The Elusive Mountain Hare

In part 2 of this series of posts about photographing (mainly wildlife) in a recent return to old haunts in Scotland, I'll cover a very enjoyable day spent tracking Mountain Hares in the Glenlivet Estate. A number of people operate Mountain Hare 'safaris', including James Moore and Andy Howard – both come very highly recommended but on this occasion we used Dave Newland from Glenlivet Wildlife and we can also personally recommend him and his Land Rover!

 

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Sal and I met Dave at the village of Tomnavoulin, leaving our car with a slight sense of trepidation as it was snowing heavily and were slightly nervous about getting back out again, let alone about heading up into the mountains. Dave was reassuring though and we boarded his Land Rover and soon we were off-road for the trek across to the base of a beautiful snow-covered juniper hill.

After leaving the Land Rover we hiked in the blizzard up the hill and to be honest, visibility was so poor that I didn't think we'd see anything at all. Fortunately though, the snow quickly thinned down and we were even rewarded with some sunshine and wonderful light. The hares were in their perfect camouflage environment and so we weren't able to spot any from a distance and work towards them slowly to get those great face-on pictures. Perhaps next time. However, there were plenty of Hares and their method of running is to sprint swiftly for a spell then pause and reassess so it was possible to get several shots of them.

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I used the 500mm lens throughout and without it, I wouldn't have got a single useable shot. It's a big lens and had to be carried and hand-held as the photo opportunities were pretty fleeting. To ensure I avoided camera shake and to stop these swift beasts in their tracks I went for a shutter speed of 1/3000s for every shot with an aperture of f4, leaving the auto ISO to work its magic although the snow meant that I never saw more than 1000.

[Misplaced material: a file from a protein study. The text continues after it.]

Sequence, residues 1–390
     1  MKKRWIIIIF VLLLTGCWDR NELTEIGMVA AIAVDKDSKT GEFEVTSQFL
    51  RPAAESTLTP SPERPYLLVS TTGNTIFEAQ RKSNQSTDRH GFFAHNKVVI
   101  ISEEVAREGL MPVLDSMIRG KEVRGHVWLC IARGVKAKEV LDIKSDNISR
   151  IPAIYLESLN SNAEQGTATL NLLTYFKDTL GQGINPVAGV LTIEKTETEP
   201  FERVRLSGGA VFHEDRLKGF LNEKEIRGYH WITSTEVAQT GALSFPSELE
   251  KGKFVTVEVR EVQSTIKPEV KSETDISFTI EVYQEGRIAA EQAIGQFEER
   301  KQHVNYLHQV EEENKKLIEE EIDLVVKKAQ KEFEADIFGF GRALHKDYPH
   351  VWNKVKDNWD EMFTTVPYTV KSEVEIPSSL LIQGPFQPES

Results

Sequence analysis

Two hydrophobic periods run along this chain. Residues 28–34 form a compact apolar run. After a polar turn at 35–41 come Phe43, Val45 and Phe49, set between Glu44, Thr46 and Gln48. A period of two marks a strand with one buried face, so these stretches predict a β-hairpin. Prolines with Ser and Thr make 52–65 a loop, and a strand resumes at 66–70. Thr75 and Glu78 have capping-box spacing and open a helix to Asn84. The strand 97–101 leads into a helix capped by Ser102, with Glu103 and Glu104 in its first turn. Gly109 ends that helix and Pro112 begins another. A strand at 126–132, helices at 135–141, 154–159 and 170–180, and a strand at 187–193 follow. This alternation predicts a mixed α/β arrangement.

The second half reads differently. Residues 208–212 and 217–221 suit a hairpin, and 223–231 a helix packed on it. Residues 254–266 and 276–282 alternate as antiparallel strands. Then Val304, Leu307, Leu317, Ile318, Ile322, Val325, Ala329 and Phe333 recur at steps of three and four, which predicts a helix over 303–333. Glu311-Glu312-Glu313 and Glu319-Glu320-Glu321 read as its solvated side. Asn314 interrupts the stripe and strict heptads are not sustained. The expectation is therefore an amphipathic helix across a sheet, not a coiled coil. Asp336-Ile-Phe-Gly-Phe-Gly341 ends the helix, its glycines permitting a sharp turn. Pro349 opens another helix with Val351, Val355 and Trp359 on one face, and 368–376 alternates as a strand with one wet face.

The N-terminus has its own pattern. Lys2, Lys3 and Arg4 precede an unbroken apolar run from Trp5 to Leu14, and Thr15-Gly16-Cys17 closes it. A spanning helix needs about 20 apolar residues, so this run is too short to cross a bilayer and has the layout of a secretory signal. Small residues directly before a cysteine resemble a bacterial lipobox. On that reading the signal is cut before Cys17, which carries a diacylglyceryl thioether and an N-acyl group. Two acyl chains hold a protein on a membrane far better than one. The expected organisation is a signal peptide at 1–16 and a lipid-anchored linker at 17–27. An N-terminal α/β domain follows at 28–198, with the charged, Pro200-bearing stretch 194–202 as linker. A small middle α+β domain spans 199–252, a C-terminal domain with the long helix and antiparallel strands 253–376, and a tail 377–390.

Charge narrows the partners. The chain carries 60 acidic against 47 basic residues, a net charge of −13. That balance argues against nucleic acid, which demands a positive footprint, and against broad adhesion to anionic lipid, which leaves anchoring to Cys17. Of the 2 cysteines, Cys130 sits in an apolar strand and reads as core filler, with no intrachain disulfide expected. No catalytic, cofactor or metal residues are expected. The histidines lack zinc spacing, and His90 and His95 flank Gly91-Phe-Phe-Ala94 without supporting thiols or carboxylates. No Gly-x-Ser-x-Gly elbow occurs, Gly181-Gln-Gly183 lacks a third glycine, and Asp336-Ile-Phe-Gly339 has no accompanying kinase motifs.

Hares weren't the only animals on the hill – the grouse were plentiful and several Deer made an appearance too, sometimes the Deer vs Grouse standoff was quite funny!

 

The hike was reasonably tough in about a foot of snow and the blizzard at the start 'interesting' but the subsequent light, the view, the diversity of wildlife and of course an incredible chance to see Mountain Hare were all worth it. The Mountain Hare is a nocturnal animal (we saw a Golden Eagle prowling several times) to avoid being chomped – they sleep deep in the juniper bushes then move uphill to feed late in the afternoon. When they get a move on, they can reach 60mph uphill so it's certainly not worth chasing them! If you know where one is, it is possible to very slowly approach and get within 20ft or so if its a tolerant animal but if like us, you encounter perfect conditions for the hares, it won't be possible to see them apart from when they make their move up the hill.

 

I hope you enjoyed this post and it maybe gives you the urge to investigate this elusive animal – the guided tours are definitely the way to go!

 

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